Alright, so that is a bit of a bold claim, let me explain the theoretical incorrectness and why we'll ignore it. The simple linear interpolation I talked about above great for triangles that are viewed straight on, flat relative to the screen, but it doesn't work for triangles to have some depth to them. Compare it to a brick wall. When you take a photograph of the wall straight on, each brick will be the same size on the photograph. Take a picture of the same wall from an angle, thought, and the bricks that are close will appear larger than those that are further away. A simple linear interpolation would render each brick as equally wide on the photograph. This is called "affine texture mapping". Wikipedia has a nice image comparing it to the correct version:

    The trick to correct this uses an interesting property: while you can't interpolate Z, or the U,V coordinates, linearly over the screen, you can linearly interpolate 1/Z, U/Z and V/Z. Then when you want to render a pixel you just divide the values of U/Z and V/Z by 1/Z to get the correct U and V.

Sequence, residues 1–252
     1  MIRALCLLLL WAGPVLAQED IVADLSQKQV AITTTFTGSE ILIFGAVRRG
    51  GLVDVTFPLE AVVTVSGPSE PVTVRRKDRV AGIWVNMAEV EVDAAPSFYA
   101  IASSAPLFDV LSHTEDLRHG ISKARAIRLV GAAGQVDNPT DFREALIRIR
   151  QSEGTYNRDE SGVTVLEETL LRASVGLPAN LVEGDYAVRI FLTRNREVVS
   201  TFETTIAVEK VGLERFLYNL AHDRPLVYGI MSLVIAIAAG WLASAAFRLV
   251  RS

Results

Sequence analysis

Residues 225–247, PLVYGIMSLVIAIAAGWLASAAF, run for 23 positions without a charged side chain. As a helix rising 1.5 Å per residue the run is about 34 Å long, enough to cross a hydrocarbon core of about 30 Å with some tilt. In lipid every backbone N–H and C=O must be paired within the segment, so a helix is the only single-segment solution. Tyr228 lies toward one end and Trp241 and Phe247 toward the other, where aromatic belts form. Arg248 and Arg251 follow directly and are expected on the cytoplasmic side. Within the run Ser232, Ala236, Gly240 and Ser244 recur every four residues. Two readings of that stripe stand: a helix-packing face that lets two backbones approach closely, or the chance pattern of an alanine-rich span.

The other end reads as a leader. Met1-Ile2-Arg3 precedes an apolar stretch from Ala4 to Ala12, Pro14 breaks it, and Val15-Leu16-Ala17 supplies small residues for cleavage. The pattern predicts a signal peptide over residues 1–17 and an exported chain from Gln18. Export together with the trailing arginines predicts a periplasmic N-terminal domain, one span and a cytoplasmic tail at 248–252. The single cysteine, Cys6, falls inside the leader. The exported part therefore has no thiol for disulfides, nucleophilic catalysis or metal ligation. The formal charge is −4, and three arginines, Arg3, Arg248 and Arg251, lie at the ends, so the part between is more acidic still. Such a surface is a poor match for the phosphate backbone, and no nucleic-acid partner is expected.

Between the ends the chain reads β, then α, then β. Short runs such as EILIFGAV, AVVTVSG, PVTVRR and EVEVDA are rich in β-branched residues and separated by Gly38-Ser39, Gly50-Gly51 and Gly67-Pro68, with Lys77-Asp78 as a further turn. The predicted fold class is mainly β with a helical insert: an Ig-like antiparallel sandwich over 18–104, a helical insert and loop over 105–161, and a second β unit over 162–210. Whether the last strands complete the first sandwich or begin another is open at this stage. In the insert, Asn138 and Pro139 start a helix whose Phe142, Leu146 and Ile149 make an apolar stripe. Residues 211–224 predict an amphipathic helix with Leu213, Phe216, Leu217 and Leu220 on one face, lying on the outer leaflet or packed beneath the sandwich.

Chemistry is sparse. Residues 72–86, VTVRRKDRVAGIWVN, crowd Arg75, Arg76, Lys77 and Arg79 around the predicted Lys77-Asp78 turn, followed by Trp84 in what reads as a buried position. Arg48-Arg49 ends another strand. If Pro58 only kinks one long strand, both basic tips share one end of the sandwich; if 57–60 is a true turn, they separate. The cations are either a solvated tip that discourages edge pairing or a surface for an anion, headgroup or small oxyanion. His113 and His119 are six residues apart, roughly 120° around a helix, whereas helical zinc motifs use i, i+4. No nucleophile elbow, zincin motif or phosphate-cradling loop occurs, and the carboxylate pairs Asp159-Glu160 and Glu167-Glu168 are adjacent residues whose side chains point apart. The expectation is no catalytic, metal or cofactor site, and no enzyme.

We're not going to do that. It's a simple fix, I know, but it requires two additional divisions (or one reciprocal and two multiplications) for every pixel. And dividers in hardware are bulky and slow. Instead, we'll follow the great example of the Sony Playstation and Sega Saturn in just completely ignoring perspective correctness and render everything with affine mapping.

    The second part of the problem is more practical (with loads more little details further along the line.) Storage and bandwidth limitations once again rear their ugly little heads. Let's start by calculating how much of each we'll expect to need.

    Seeing how the VGA output on the Nexys 2 board only has 8 bits per pixel, I'll use the same limit on the textures. As a minimum, I'd would like to display one unique texel per pixel. The 640x480 resolution runs at a pixel-clock of 25MHz, but the actual time between scanlines is a bit longer due to the horizontal blanking times. If you include the blanking time it comes to an equivalent of 800 pixels per scanline, so we have (800/640) / 25MHz = 50ns per texel, or 20MBytes/s.